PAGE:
Mephedrone: Killer on the loose

If you opened a paper lately you’d be forgiven for thinking the nation had gone gardening crazy. Headlines about plant food killing innocent people have been plastered all over the dailies as well as online. It’s not ‘mean green mothers from outer space’ singing ‘feed me’ in a ‘little shop of horrors’ that we need to worry about. Mephedrone, also known as bubbles or meow meow is sold legally when advertised as plant food.  It is also the UK’s most popular new party drug.

Mephedrone, or to use it’s full chemical name 4-Methylmethcathinone, is a stimulant described as ‘two molecular tweaks away’ from pure ecstasy. MPs and Journalists alike have successfully canvassed for a ban on the drug on the basis that it is mind altering and the long-term side effects are currently unknown. The savvier drug user among us would argue the same incentive should be given for the prohibition of alcohol.   The lasting effects of alcohol abuse are well-documented as extremely harmful in a multitude of ways. Why, then, is mephedrone being targeted for its apparently adverse effects on some users?

Despite the widespread panic reports about the drug, it is still unclear whether or not mephedrone is, in fact, a killer. There is little evidence to back the argument against the drug, simply because not enough is known about it. In fact, the current interim chair of the Advisory Council on the misuse of Drugs (ACMD), Les Iversen said, in a recent interview, that the drug was so new he was unable to find any “data on toxicity”.  This is surely a necessity when taking the decision to prohibit the drug.

Professor David Nutt, Iversen’s predecessor as Chair of the ACMD before he was relieved of his duties by Home Secretary Alan Johnson, has made his views on the banning of Mephedrone very clear. He criticised the Government’s hasty reaction to the supposed problem and claims a decision should not have been made until The European Monitoring Centre on Drugs and Drugs Addiction released their results of a study currently underway and due to report in July. So is the rushed banning of the drug purely a result of media pressure? And if there are no cases where mephedrone is the confirmed cause of death, why is the public being warned that the drug is a killer?

Regardless of the reason, it seems the media campaign against the drug has been successful as, Parliament willing, 16 April is the day mephedrone was classified as a class B drug. This means a maximum penalty of 5 years in jail for possession and 14 years for supply or an unlimited fine for either offence. This could spell even bigger problems in the future however if recent reports are to be believed.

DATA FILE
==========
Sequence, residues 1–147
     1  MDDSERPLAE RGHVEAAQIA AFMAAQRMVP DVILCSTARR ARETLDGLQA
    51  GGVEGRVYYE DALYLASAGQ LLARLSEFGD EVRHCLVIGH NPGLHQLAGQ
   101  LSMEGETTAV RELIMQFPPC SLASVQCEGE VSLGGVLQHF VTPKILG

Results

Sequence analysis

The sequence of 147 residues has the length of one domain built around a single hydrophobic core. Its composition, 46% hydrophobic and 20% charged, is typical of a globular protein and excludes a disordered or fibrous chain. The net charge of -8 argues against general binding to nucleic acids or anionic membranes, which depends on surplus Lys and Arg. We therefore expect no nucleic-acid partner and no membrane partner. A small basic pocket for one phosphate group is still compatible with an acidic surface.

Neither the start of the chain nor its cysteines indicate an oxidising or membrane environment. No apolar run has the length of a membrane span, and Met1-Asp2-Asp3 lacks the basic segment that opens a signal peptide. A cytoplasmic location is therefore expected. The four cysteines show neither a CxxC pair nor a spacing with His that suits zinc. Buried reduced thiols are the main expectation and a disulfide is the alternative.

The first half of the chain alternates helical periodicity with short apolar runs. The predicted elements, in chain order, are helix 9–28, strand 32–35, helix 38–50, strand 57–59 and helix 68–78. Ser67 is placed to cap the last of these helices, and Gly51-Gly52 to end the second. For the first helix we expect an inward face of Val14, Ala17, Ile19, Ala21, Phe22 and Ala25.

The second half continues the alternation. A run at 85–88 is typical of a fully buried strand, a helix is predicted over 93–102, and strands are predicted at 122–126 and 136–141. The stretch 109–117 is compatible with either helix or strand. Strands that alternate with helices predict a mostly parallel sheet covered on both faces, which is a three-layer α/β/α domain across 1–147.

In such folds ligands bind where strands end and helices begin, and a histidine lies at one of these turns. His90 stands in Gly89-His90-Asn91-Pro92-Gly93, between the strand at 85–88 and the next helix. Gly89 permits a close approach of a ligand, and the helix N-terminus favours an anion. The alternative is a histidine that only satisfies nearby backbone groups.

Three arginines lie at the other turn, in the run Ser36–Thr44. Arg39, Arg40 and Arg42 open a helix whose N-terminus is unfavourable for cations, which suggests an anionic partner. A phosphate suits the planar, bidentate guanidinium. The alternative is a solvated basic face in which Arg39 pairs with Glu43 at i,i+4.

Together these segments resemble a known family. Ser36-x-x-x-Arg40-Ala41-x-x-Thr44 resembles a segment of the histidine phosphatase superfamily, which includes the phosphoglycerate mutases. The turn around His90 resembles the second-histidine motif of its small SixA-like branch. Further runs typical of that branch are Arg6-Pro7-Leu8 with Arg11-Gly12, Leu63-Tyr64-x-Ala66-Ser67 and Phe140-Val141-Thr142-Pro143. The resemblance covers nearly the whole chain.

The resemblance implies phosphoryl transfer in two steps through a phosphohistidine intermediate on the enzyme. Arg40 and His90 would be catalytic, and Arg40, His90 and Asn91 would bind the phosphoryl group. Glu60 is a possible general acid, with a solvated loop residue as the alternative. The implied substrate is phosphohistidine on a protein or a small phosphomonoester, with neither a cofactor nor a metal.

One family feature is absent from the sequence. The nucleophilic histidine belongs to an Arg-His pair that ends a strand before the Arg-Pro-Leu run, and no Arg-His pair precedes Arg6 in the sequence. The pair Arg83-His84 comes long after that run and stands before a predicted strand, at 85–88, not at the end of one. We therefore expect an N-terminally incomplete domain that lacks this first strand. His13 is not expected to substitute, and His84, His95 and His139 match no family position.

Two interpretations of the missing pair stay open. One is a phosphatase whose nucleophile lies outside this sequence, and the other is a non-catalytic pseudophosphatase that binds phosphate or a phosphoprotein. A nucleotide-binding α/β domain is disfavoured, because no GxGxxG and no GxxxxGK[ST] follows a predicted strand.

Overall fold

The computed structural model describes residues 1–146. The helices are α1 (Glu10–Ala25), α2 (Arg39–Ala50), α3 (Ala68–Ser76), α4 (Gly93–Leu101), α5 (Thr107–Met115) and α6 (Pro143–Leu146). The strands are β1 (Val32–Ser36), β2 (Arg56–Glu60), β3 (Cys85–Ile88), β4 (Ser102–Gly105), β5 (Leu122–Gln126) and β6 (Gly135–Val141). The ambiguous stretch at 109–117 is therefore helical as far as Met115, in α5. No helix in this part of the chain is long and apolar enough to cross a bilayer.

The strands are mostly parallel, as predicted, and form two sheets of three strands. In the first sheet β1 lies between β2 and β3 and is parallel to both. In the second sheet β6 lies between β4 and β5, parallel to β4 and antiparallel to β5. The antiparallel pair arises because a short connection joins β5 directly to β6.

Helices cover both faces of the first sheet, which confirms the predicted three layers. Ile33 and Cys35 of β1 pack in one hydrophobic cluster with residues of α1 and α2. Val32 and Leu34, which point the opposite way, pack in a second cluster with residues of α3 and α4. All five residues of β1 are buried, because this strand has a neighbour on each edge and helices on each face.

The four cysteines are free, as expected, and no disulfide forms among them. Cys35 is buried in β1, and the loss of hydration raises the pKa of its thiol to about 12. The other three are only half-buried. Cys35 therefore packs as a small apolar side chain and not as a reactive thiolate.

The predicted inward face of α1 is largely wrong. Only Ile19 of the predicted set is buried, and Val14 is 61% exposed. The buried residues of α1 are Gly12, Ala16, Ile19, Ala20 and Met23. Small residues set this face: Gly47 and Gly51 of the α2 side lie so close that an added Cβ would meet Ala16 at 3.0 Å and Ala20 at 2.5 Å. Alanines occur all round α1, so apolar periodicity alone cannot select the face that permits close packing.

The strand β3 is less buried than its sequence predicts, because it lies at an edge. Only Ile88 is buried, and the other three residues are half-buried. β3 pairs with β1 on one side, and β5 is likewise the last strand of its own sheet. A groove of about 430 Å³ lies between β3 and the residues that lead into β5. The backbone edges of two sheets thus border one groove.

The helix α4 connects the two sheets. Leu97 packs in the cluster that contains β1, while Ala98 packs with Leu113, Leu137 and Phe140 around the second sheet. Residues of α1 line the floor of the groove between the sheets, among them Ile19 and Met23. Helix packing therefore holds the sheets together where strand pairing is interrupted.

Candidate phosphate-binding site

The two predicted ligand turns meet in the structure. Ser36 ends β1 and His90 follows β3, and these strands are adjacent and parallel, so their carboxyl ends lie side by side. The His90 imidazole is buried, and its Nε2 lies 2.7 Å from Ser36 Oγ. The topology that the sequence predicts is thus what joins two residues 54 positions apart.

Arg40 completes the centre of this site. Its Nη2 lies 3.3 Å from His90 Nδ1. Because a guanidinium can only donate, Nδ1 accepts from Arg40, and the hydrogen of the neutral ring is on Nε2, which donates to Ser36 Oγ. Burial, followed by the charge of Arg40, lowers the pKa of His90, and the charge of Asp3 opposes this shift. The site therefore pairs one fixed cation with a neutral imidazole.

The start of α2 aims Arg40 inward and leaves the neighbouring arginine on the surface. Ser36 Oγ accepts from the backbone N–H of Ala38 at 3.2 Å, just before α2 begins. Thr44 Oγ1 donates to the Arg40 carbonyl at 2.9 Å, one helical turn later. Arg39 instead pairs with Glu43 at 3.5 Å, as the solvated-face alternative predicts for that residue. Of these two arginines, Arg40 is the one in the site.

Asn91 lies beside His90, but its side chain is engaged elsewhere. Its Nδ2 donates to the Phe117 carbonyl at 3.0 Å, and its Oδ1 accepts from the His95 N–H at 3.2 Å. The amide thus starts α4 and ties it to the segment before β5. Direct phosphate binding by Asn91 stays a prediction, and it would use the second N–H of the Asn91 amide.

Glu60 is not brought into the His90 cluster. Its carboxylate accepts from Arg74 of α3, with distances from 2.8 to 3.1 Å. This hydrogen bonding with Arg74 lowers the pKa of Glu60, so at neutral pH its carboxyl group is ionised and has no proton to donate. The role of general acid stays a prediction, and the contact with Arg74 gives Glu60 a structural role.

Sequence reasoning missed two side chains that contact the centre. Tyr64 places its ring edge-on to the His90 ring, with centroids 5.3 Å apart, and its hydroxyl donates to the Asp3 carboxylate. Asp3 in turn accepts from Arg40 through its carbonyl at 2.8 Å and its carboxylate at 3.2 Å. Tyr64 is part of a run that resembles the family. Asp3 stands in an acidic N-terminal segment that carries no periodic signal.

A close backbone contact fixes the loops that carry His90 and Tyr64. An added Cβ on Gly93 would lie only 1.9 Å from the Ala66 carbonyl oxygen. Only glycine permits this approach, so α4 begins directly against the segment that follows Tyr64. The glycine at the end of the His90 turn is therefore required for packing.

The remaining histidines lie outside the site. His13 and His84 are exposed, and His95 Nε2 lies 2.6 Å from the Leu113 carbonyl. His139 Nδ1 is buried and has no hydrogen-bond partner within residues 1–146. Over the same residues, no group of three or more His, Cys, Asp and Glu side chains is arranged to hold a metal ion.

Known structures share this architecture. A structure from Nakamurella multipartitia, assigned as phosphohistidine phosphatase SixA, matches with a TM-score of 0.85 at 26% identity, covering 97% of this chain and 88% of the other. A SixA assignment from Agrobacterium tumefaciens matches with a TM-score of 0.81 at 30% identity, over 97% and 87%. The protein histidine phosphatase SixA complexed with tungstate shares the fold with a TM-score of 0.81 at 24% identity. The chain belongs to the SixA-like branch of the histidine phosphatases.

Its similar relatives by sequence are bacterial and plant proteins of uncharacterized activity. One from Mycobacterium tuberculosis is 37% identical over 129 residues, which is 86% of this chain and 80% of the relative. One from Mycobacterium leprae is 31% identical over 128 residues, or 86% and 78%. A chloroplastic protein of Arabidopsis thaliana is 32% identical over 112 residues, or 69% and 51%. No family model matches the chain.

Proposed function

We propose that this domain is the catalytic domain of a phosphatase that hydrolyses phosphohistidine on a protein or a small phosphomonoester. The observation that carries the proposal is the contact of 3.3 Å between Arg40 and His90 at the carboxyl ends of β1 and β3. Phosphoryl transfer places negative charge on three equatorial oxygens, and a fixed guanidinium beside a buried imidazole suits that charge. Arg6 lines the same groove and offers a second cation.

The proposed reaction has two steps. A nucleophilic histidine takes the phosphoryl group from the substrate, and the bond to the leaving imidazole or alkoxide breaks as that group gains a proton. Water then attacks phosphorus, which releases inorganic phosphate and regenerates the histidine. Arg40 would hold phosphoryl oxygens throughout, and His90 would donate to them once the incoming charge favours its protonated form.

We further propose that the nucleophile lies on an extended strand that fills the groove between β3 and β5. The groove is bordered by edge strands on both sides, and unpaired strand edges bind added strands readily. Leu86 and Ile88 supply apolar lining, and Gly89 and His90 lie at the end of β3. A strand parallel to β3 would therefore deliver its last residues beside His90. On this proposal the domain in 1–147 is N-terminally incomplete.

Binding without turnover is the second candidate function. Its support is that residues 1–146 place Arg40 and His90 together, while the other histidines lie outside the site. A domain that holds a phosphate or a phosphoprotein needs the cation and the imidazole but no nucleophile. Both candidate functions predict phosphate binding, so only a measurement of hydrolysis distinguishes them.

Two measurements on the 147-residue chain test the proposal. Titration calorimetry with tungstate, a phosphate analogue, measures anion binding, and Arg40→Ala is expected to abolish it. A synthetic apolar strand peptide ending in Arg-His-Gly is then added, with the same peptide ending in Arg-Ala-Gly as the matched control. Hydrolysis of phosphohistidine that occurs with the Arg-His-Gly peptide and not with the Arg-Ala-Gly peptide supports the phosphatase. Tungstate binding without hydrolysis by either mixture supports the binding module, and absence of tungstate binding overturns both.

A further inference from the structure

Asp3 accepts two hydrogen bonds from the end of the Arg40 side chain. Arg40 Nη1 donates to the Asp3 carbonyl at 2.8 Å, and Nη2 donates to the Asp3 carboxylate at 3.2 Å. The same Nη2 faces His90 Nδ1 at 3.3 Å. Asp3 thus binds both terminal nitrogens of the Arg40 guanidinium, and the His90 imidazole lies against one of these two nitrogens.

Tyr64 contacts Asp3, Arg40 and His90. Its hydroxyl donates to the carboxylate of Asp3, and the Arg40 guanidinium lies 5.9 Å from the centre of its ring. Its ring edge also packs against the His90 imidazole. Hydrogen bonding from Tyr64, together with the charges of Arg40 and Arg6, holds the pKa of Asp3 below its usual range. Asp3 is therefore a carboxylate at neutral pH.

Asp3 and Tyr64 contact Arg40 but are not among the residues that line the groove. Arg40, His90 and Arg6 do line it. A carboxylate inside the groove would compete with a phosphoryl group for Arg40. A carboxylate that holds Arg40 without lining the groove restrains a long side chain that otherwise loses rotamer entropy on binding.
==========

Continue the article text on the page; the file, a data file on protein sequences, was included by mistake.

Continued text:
Nutt claims, “It is the illegal aspect of other drugs that is putting people at risk by encouraging them to seek out legal drugs instead.” A valid point when you note that many mephedrone users agreed the legitimate status of the drug was a major factor in their decision to buy it.

One user from Edinburgh, a 21-year-old student, said she will more than likely continue using the drug after its inevitable ban, just not as often because of the added hassle of going through a dealer. Her attitude towards the drug is, “everything in moderation. Too much alcohol is bad for you just like too much mephedrone is. Overindulging in anything is a risk. You just have to pace yourself and be careful.” Easier said than done if the drug’s apparent addictive quality is to be believed.

The other reported side effects include insomnia, hallucinations, nosebleeds and heart palpitations amongst others. Recently there have been increasing reports of mephedrone related deaths although medical professionals have been unable to confirm or deny whether the drug was responsible. The widespread panic may be justified or it could be argued as another overreaction.

The uninspiring answer is this: only time will tell. It could be years before the lasting effects of mephedrone are fully known. It was only recently revealed that long-term usage of the drug ketamine is linked to bladder failure, and it’s been a popular drug of choice in the UK since the early 90’s.

The fact of the matter is that legislation will always be one step behind the marketplace and the decision to use legal highs will always ultimately fall with the consumer. Even though mephedrone is banned completely NRG-1 a stronger, more addictive and reportedly fatal replacement is about to hit the scene. Rather than rushing through the prohibition of drugs they know nothing about, it would be beneficial for the nation if the Government adopted a new policy of awareness rather than witch hunting. After all, if the rumors about NRG-1 are to be believed pretty soon the same media who condemned mephedrone will be canvassing for the return of the seemingly less harmful scapegoat.

Words and photography by Jenny Scott


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